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[1a] Historian Ngô Thì Sĩ stated, “With the fall of [King] An Dương, there was no one to continue the royal succession [quốc thống 國統]. Those who compile histories saw that Zhao Tuo annexed Giao Chỉ, and that as the King of Nam Việt/Nanyue he declared himself to be an emperor, so they placed him after An Dương in the imperial annals [đế kỷ 帝紀]. They wrote glowingly of him, apparently to boast about the magnificence of the beginnings of an imperial tradition in our kingdom. Later people continued this, and none of them knew that this is wrong.

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The Việt/Yue of Nam Hải/Nanhai and Quế Lâm/Guilin are not the same as the Việt/Yue of Giao Chỉ, Cửu Chân and Nhật Nam. Tuo rose up in Longchuan and established a kingdom at Panyu [in Guangdong], and wished to open up a vast expanse of land. He thereupon annexed our kingdom as a vassal commandery [thuộc quận 屬郡], and just placed overseers [giám chủ giả 監主者] there to keep it on loose reigns [ki mi 羁縻]. In fact, he was never a sovereign of [our] kingdom. If one takes those who have ruled over the Việt/Yue and call them sovereigns, then later there was Lin Shihong in Panyu and Liu [1b] Yan in Guangzhou who both declared themselves to be King of Nam Việt/Nanyue but secretly referred to themselves as emperors. Can they also be included in the annals?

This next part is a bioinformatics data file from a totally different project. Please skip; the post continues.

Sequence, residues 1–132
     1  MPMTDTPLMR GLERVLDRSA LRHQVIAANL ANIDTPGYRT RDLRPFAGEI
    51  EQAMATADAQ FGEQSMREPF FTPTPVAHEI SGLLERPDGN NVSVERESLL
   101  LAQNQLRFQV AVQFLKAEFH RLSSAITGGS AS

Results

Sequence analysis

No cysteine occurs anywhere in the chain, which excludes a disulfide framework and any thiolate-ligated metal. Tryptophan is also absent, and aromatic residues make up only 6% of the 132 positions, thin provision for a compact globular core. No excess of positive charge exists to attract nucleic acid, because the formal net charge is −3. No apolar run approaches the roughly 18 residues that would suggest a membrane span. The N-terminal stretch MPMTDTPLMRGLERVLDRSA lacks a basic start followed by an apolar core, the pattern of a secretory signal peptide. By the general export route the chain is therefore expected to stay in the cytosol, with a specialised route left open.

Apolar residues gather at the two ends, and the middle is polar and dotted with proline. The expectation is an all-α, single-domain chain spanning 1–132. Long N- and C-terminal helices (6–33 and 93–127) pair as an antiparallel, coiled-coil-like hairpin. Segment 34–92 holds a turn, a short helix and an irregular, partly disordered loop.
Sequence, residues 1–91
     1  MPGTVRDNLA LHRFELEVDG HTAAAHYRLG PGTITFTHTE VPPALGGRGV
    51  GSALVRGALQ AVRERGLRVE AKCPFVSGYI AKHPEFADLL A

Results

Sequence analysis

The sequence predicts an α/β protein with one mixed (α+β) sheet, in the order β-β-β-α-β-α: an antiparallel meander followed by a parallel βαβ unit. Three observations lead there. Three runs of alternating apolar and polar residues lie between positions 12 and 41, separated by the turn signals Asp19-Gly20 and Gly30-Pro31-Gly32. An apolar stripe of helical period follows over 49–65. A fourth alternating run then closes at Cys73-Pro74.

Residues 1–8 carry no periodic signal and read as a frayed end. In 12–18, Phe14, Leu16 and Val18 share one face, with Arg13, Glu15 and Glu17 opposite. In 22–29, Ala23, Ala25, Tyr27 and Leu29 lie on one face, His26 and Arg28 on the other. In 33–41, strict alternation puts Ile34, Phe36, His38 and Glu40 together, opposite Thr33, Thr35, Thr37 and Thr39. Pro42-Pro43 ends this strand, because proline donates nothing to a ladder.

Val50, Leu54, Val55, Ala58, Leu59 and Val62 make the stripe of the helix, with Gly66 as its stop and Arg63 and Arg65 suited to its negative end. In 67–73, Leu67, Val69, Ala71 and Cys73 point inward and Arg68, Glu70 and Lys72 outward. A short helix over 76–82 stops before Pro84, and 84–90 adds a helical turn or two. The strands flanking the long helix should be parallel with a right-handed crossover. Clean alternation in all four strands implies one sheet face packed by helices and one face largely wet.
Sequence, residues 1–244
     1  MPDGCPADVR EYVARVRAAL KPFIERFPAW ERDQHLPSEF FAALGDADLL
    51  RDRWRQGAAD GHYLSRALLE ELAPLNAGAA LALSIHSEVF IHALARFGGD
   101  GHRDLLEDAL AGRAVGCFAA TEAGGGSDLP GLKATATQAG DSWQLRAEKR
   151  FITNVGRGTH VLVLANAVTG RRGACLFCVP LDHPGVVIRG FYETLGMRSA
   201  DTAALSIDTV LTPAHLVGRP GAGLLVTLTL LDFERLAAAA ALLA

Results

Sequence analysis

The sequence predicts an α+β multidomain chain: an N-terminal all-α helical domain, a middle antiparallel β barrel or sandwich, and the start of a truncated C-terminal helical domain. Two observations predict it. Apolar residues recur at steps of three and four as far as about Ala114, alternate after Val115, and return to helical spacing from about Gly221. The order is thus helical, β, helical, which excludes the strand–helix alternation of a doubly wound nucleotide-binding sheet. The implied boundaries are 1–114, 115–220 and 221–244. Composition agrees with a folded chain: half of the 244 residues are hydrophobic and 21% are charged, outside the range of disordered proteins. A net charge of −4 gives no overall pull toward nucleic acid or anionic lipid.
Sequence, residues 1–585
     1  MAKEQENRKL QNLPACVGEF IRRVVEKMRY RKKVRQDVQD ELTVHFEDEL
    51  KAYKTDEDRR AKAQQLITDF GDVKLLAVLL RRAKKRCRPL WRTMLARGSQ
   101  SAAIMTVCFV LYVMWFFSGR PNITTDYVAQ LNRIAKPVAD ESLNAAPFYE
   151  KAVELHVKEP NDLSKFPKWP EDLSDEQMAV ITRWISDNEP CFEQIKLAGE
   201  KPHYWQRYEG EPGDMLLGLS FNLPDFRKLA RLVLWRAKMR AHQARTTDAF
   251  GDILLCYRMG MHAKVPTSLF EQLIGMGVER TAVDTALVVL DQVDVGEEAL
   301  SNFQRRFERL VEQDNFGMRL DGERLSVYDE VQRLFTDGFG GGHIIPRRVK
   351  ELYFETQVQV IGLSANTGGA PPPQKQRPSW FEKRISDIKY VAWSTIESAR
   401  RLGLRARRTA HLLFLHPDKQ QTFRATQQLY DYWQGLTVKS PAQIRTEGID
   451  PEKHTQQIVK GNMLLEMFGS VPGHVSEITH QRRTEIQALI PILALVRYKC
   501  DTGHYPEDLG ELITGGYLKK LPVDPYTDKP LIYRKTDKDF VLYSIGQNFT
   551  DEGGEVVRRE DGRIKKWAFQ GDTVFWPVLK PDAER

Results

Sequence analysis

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One could say that since Zhao Tuo was a Han person and An Dương was a Shu person that they were the same. Tuo’s elimination of An Dương was like An Dương’s elimination of the Hùng king. So in what way can [these two] be assessed differently? An Dương’s capital was at Cổ Loa and he coninued the Hùng Lạc [royal tradition] as the master of Giao Nam. [Zhao] Tuo was in Panyu, while we are in Giao Nam, so how can one take the example of An Dương [as a ruler of Giao Nam] and apply it to [Zhao Tuo]? Where did he rise up from? This is not noted.

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[Zhao] Tuo’s annexation of Giao Châu/Jiaozhou was like Wei’s annexation of Shu and Jin’s annexation of Wu. When the Sun and Liu clans lost their kingdoms, royal succession came to an end. If one can use the Wei annals to continue the history of Shu from Liu Shan [i.e., the final ruler of the Kingdom of Shu] and one can use the Jin annals to continue the history of Wu from Sun Hao [i.e., the final ruler of the Kingdom of Wu], then one will be able to use the Zhao annals to continue our kingdom’s history from An Dương.

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Our kingdom is called a domain of manifest civility. How is it appropriate for one kingdom’s history to rely on the annals of another domain? I am therefore correcting this and am demoting the annals of the Marshal [Emperor] of Zhao. [2b] To have royal succession continue with [Zhao] Tuo does not follow the standards of history. [Zhao] Tuo resisted the Han. Giao Chỉ had yet to establish intercourse with the Middle Kingdom. Therefore, I am using the category of external possession [ngoại thuộc 外屬] to differentiate from internal possession [nội thuộc 内屬].